YouTube is a wonderful thing, if the censors would leave it alone. It is full of as much diversity as the planet, allowing us to get up close to the way others might feel without getting so close that we may come to regret that decision.
And it is not hard to find conspiracy theories at all, and if you wanted a good example of one Google may be right about having concerns, it would be the silly putty of all conspiracy theories: the Mandela Effect.
The fact is, I am not going to regal you with the theory itself: if you can find this blog, chances are, you have seen more than your fair share of Mandela Effect videos.
"...Particularly vexing is the phenomenon of false memories, erroneous or unconsciously fabricated recollections of past events that feel so real and so true that the people who believe them refuse accept evidence to the contrary. Psychologists refer to this phenomenon as confabulation. This term is used clinically to refer to memory defects experienced by patients with brain damage, and also to describe everyday phenomena like embellishing the truth when recounting events, and inventing facts in the fly to fill in gaps in memories..." -Snopes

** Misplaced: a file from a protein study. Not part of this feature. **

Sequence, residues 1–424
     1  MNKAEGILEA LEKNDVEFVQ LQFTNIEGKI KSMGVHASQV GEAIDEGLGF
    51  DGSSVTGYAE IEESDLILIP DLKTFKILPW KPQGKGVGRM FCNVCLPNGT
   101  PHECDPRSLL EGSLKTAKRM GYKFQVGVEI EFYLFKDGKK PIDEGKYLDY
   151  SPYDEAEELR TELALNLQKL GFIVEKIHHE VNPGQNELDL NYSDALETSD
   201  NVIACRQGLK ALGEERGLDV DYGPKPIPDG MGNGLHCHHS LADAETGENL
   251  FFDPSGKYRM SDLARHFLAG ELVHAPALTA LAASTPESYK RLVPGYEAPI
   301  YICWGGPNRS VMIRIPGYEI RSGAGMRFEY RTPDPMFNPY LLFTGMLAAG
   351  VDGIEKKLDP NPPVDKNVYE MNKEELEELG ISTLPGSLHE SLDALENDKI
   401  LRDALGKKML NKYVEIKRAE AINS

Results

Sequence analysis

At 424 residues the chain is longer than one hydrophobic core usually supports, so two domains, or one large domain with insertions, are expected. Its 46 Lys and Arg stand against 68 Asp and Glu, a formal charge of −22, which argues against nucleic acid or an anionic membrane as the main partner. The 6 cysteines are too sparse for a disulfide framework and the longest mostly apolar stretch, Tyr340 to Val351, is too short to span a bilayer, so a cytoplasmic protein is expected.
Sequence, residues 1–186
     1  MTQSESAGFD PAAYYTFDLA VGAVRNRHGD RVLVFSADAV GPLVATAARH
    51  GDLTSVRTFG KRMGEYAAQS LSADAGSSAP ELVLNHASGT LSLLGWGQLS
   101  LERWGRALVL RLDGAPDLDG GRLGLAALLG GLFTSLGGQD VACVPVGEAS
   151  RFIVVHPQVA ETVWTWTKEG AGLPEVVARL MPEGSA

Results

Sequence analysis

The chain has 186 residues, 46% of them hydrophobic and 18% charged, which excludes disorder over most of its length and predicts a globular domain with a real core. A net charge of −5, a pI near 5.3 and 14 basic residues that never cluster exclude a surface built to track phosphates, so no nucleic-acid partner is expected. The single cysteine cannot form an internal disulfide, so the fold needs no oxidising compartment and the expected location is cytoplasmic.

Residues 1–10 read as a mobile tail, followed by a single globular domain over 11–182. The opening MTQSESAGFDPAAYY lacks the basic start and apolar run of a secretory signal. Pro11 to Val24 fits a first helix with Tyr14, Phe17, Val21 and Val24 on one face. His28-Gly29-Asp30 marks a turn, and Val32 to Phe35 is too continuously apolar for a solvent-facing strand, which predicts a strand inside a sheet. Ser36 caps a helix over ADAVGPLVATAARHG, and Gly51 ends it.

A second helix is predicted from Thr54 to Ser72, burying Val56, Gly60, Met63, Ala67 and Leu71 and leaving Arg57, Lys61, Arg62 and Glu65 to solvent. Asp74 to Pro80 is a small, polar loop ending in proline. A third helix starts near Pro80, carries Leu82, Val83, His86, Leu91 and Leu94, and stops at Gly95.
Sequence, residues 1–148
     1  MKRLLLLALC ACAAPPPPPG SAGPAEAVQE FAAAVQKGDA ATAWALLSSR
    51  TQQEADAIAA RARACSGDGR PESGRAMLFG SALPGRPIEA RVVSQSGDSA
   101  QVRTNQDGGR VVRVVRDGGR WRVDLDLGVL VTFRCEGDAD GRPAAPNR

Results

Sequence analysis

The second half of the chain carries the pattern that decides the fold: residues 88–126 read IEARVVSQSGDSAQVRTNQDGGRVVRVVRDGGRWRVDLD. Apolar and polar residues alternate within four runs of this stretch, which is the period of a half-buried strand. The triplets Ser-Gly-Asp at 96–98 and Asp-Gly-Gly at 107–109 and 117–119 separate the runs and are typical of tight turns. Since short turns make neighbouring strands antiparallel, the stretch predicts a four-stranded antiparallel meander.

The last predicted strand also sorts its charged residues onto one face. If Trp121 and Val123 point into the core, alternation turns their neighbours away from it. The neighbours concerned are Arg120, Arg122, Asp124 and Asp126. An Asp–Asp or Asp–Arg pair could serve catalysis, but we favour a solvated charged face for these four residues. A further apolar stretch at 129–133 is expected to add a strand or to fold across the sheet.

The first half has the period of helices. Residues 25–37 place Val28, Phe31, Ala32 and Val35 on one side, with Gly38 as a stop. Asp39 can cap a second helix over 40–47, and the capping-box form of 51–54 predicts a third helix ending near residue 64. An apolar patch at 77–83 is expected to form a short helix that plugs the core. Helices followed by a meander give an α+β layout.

The entire paradigm, however, can provoke a range of responses from ridicule to abject fear. And it is the fear I wish to address.
|Edward Mantill, the scientist whose suicide cast sudden street cred to the Mandela Effect community|
I once followed a Mandela Effect Community page just to see for myself if perhaps any of my unique angle on things could clarify any of it...
But I learned the hard way: they don't want any rational explanation! Which just removes any of it for me! The only way that you can deal with that kind of hostility is to get your own Mandela Effect page, then wait till the same thread posters comment, then maybe they will give reality a chance!
The admin of the page posted a theme song from a seventies tv show, then waited while nobody could guess, thus confirm, what his take was on it actually being exactly the same as the theme song from an entirely different show.
I tried to explain that the limits of genre, in this case, disco, with its fifteen year majesty of holding the entire music world hostage, while at 126 beats per minute, eventually, through mathematics, similar motif had to become identical motif, eventually the songs all sounded the same...
But they were not interested in answers. Only questions...